Berkeley teachers, district, reach tentative agreement

Berkeley teachers protest

A teacher protest on the steps of Old City Hall last May over the then-stalled contract negotiations. Photo: Tracey Taylor

Berkeley Unified School District and the Berkeley Federation of Teachers have reached tentative agreement on a 2013-2015 contract, subject to ratification by the school board and the BFT. Agreement seven months into the school year is rapid compared to some recent contract negotiations.

In the agreement, all teacher wages, including salaries, stipends, daily rates and hourly rates, will be adjusted to reflect a 1.5% increase backdated to July 1, 2013, and an additional one-time bonus payment equal to 2.0% of the teacher’s 2013-2014 salary. Each teacher will also receive a 2.0% increase effective July 1 this year. 

Other areas covered in the agreement include the approval of two years of the school calendars, and an increase in instructional minutes for students in grades 6 through 8 by 20 minutes per day, from the current 305 minutes to 325 minutes.

“Reaching a mutually agreeable contract with BFT is the first step towards what I hope will be successful agreements with all of our unions, and I hope to be able to make that announcement soon,” said BUSD Superintendent Donald Evans in a statement announcing the tentative agreement.

“This contract furthers the process of beginning to restore compensation after the Great Recession and deep cuts to education funding in California,” said Cathy Campbell, BFT President, in the same statement. “With teachers working incredibly hard to implement the new Common Core Standards this contract will provide a needed morale boost and help teachers to focus on the core tasks of teaching, learning and continuous professional improvement.”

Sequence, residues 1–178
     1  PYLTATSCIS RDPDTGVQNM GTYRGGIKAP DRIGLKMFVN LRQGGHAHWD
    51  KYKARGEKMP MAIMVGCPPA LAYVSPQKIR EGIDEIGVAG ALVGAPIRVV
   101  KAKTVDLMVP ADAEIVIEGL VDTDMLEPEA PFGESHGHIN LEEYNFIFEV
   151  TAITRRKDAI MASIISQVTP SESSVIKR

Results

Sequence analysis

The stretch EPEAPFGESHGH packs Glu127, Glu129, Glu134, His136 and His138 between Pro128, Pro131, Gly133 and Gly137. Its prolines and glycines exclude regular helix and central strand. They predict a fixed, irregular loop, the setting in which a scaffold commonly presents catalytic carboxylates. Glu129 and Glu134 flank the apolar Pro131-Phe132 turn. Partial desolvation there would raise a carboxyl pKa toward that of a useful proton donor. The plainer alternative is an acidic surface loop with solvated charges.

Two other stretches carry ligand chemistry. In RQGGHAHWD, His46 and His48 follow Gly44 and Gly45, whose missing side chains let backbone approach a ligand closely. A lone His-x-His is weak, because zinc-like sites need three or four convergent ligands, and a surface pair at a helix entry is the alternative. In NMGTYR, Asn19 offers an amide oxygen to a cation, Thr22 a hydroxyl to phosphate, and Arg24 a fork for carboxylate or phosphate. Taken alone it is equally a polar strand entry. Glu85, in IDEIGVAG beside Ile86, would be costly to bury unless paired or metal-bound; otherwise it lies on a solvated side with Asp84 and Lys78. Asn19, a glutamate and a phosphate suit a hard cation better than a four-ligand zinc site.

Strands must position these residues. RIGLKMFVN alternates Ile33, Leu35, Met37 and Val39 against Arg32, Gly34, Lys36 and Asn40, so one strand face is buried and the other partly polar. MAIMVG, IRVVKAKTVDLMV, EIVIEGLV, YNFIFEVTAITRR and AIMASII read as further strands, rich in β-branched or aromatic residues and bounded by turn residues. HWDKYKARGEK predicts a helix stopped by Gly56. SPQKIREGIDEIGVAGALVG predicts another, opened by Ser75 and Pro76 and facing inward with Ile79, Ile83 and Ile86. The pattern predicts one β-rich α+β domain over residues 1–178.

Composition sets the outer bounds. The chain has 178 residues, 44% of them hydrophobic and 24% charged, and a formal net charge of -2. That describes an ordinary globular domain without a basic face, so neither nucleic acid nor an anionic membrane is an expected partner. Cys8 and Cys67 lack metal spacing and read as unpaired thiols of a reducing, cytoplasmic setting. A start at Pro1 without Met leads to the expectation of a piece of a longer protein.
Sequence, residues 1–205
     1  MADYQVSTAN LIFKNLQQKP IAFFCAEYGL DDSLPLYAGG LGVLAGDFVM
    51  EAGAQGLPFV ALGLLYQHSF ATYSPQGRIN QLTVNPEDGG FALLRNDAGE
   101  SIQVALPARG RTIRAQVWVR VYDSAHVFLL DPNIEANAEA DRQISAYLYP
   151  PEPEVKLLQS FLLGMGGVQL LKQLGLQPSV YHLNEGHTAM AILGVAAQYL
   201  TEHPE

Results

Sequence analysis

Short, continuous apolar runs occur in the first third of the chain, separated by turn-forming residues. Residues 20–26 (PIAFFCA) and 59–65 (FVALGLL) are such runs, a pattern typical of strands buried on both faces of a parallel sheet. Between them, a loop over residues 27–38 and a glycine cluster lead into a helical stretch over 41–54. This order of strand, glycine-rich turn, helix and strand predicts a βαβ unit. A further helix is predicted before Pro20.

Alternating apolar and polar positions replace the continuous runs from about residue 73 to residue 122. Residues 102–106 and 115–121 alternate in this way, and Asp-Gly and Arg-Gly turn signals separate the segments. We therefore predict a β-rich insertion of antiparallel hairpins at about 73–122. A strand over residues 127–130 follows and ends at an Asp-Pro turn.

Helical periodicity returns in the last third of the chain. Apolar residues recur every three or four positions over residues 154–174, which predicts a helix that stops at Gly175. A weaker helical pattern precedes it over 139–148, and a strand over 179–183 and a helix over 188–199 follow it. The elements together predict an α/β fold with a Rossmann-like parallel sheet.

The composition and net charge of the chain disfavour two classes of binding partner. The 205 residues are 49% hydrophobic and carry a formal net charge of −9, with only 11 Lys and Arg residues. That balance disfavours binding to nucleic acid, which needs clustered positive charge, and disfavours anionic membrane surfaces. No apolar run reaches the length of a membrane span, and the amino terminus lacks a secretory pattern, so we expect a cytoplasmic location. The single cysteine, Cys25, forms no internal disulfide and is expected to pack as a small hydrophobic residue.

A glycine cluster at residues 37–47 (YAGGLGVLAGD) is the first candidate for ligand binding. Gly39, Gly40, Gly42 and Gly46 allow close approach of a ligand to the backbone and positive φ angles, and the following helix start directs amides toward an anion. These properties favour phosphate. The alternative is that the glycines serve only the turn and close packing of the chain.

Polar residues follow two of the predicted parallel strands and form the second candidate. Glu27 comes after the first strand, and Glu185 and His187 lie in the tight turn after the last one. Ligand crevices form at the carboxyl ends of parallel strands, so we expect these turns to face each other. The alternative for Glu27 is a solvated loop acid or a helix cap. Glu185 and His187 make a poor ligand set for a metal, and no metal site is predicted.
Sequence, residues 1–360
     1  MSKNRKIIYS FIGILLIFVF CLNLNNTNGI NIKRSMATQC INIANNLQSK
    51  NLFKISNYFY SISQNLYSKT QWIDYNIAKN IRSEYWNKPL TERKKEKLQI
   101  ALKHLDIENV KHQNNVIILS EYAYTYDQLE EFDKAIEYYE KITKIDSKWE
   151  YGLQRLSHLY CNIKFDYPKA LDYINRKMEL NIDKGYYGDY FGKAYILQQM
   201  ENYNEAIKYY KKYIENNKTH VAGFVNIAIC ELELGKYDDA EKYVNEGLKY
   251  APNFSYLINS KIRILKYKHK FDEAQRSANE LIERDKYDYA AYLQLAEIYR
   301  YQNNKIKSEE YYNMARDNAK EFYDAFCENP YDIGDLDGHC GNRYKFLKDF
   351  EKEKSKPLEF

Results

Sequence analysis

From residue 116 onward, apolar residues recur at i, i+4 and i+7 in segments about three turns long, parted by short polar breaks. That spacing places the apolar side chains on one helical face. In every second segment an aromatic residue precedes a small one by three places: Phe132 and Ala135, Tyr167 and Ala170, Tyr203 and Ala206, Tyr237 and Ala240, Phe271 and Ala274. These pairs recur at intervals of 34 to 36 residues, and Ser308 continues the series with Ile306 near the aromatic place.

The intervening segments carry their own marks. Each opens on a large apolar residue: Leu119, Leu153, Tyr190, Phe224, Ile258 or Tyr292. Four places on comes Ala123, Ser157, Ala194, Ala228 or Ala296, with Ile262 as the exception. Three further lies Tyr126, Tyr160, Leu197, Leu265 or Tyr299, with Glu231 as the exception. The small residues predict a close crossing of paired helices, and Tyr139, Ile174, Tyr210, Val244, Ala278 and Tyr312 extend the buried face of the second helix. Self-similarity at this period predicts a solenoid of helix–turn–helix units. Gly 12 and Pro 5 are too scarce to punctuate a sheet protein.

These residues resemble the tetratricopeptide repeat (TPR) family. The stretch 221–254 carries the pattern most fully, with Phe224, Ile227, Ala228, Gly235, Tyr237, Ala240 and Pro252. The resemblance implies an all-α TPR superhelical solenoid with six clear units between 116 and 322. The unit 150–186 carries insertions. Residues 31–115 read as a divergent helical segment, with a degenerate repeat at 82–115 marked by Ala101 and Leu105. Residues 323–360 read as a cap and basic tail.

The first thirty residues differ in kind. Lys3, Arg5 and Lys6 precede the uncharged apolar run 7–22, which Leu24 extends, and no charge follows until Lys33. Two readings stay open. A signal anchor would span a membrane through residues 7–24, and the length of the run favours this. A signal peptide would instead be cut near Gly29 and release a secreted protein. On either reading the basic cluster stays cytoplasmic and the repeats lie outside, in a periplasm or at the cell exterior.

“We’re all working for the same thing here — the best possible education for our students,” said board president Josh Daniels in the statement. “On behalf of the entire board, I want to express my heartfelt thanks to all those who negotiated, on both sides of the table, to reach this positive agreement.”

Last May, the district and the teachers reached agreement on the 2012-2013 contract, two weeks before the end of the school year. That agreement ended years of stasis: the teachers had been working under an extension of a July 2008 agreement, which was intended to last two years. Both the teachers union and the BUSD agreed to extensions with no salary increases during the worst of the economic recession.

Related:
Berkeley teachers, district agree on 2.5% wage increase (05.31.13)
Berkeley teachers’ bonus plan rebuffed by district (03.07.13)
Portraits: Berkeley school gardening and cooking educators (05.29.13)
Berkeley appoints Donald Evans as new Schools Superintendent (05.22.13)

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  • guest

    We need to invest more in the education of our kids. I see my kid’s teachers with so many contact hours, so many hours needed to plan classes, and so many hours needed to grade papers. It is too much that we are asking of each individual teacher. The teaching job as it is described now is impossible to do. While more pay is good, we also need to reduce in class time, to allow for more preparation, and grading. In some classes, the teachers could be helped by professional graders, as they are in colleges. Capitalism: you get what you pay for, and we do not pay much.